What is the difference between prebiotics and probiotics?


Prebiotics are made up of carbohydrates that the body can’t digest. Prebiotics are plant fibers that stimulate the growth of healthy bacteria in the gut. They are found in many fruits and vegetables, especially those that contain complex carbohydrates, such as fiber and resistant starch. These are not digestible, so they pass through the digestive system to become food for the bacteria and other microbes. All prebiotics are a type of dietary fiber and can also be purchased as a commercial food additive or capsule supplement. They come in both liquid and powdered forms.


Probiotics are bacteria that exist in the human body naturally and help intestines break down food. Probiotic supplements that contain live strains of the same or very similar bacteria to the ones that your body makes can be ingested to supplement healthy digestion.

Probiotics contain live organisms, usually specific strains of bacteria that directly add to the population of healthy microbes in the gut. Probiotics generally refer to two families of bacteria – Lactobacillus and Bifidobacterium. Probiotics can be purchased in a powder or liquid form and usually need to be stored in the refrigerator to keep the bacteria contained in them alive and ready to reproduce.

In recent years, prebiotics have been advertised as a complementary course for a probiotic regimen. The use of prebiotics and probiotics together is called microbiome therapy. As always, when considering taking a supplement for prebiotics or probiotics, talk to your doctor first.

Follow us on:

Related Posts

does low fodmap work for ibs

Does low FODMAP diet work for IBS?

Short answer – it depends, based on each individual’s reaction to various food combinations. Long answer – there is considerable interest in answering the question – does low…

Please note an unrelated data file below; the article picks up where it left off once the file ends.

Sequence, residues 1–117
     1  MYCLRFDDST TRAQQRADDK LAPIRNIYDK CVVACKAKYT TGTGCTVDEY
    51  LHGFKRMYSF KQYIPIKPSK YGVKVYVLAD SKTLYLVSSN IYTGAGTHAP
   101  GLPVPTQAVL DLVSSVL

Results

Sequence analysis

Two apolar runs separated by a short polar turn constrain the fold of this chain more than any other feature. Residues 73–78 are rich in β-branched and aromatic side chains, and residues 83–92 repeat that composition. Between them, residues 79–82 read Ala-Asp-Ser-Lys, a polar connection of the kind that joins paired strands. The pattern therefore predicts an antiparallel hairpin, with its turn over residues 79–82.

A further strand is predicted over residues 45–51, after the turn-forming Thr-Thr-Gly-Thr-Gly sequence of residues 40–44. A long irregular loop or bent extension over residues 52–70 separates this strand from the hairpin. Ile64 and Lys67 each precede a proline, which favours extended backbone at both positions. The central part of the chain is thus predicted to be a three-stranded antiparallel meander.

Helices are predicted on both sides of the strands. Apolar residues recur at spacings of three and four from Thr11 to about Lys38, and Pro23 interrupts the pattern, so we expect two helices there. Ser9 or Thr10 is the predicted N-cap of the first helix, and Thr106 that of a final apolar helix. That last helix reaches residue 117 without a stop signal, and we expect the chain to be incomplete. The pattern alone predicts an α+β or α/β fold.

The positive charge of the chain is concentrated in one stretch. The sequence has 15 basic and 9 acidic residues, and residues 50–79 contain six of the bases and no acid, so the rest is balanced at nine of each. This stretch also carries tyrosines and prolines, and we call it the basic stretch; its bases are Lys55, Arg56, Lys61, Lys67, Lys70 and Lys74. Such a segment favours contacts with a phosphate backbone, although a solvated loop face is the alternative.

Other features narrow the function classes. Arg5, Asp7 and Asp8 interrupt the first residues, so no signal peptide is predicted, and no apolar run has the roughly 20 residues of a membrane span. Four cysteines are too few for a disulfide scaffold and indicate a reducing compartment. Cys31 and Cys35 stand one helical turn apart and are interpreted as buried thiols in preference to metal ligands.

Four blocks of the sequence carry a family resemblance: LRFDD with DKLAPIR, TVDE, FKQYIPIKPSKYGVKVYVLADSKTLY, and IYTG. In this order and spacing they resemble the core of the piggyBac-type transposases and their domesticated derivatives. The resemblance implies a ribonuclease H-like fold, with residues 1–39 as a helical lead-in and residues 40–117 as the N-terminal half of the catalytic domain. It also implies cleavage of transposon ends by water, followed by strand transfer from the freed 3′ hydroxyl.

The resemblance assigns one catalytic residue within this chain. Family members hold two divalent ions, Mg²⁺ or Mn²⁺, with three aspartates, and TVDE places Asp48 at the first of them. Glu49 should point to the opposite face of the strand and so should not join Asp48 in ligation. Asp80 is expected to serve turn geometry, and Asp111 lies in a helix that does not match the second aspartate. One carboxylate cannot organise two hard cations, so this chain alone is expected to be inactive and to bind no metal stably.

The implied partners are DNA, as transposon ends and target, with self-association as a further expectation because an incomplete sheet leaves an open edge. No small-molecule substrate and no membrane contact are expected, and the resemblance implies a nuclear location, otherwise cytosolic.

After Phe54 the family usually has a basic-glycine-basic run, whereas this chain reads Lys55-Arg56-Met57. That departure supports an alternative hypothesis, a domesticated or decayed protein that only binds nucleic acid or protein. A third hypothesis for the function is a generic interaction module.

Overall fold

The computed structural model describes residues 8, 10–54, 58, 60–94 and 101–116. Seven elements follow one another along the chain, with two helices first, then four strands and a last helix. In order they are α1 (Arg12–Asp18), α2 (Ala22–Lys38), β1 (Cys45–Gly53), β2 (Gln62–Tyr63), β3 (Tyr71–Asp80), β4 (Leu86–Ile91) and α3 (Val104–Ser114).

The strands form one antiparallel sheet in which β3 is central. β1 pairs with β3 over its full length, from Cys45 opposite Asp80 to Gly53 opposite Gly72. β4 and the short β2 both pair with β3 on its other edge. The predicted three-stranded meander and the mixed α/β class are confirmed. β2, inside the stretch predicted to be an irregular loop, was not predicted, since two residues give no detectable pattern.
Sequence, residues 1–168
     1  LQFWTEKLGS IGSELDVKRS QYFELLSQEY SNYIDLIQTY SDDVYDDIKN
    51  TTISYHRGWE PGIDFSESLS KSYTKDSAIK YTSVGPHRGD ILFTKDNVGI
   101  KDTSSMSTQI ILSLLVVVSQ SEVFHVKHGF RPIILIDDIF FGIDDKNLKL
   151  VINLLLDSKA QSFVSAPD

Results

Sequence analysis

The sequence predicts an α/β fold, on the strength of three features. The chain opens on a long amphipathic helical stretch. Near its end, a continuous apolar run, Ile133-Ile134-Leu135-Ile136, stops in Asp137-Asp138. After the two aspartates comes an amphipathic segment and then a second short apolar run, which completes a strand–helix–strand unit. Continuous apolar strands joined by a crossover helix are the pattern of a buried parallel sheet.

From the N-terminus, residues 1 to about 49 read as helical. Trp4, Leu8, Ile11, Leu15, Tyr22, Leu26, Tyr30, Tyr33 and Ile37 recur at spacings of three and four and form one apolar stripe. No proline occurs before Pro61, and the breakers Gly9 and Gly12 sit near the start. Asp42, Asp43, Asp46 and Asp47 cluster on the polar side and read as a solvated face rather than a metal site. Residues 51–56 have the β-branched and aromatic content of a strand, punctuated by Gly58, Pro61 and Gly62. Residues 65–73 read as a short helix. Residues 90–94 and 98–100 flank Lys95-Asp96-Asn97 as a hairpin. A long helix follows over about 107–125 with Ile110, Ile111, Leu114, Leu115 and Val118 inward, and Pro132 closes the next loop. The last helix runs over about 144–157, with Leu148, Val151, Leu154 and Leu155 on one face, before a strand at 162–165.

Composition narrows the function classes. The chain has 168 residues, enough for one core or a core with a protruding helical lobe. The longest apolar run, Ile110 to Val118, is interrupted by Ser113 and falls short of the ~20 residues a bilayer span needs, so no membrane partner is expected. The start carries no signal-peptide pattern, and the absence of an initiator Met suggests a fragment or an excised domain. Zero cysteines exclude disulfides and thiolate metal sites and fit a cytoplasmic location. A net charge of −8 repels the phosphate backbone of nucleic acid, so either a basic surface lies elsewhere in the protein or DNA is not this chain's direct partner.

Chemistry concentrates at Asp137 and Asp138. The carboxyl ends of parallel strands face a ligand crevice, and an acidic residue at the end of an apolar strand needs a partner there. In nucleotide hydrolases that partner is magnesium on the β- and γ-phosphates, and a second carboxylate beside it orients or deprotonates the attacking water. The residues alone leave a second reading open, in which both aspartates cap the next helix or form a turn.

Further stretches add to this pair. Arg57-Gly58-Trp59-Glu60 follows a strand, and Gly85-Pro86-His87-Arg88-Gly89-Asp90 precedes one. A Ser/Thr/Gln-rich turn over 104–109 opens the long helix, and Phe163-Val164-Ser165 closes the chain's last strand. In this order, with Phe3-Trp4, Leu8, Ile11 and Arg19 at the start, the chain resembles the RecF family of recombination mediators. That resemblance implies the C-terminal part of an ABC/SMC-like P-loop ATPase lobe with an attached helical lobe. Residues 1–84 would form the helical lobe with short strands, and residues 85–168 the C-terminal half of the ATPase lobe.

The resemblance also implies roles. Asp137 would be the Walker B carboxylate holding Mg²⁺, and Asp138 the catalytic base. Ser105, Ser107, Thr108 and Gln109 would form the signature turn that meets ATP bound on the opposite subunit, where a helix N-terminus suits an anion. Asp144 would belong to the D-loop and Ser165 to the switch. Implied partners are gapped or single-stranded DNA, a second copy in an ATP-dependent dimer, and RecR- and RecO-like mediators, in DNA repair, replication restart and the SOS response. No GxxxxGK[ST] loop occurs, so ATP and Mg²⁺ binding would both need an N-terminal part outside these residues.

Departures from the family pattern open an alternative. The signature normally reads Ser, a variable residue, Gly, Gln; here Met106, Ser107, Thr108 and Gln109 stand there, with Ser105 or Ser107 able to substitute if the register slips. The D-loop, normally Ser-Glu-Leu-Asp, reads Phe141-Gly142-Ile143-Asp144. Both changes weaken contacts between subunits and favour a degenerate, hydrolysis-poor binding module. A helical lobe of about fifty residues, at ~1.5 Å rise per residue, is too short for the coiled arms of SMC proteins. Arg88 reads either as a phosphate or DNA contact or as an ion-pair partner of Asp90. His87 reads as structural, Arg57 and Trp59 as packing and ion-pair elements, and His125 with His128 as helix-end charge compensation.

how food moves through the digestive system

How food moves through the digestive system

The gastrointestinal tract, also known as the digestive tract or alimentary canal, is a long, continuous tube that extends from the mouth to the anus. It plays a…


Crohn’s disease – foods to avoid

Managing Crohn’s disease involves following a carefully tailored Crohn’s diet and working with a qualified Crohn’s dietician. Crohn’s disease causes inflammation in the digestive tract, affecting the gastrointestinal…


Gut bacteria – do you know the different types?

The gastrointestinal (GI) tract harbors a diverse array of gut bacteria and assorted microorganisms, totaling in the trillions. These microscopic inhabitants fulfill crucial functions in upholding our well-being….

fructose intolerance

Fructose intolerance – diet guide and overview

Fructose, a natural sugar present in fruits, select vegetables, and honey, can pose challenges for certain individuals who struggle to absorb it effectively. This condition, known as fructose…

fructose malabsorption

Fructose malabsorption – avoid these foods

Fructose, a naturally occurring sugar present in fruits, fruit juices, certain vegetables, and honey, also forms a key component of table sugar (sucrose) and high-fructose corn syrup, commonly…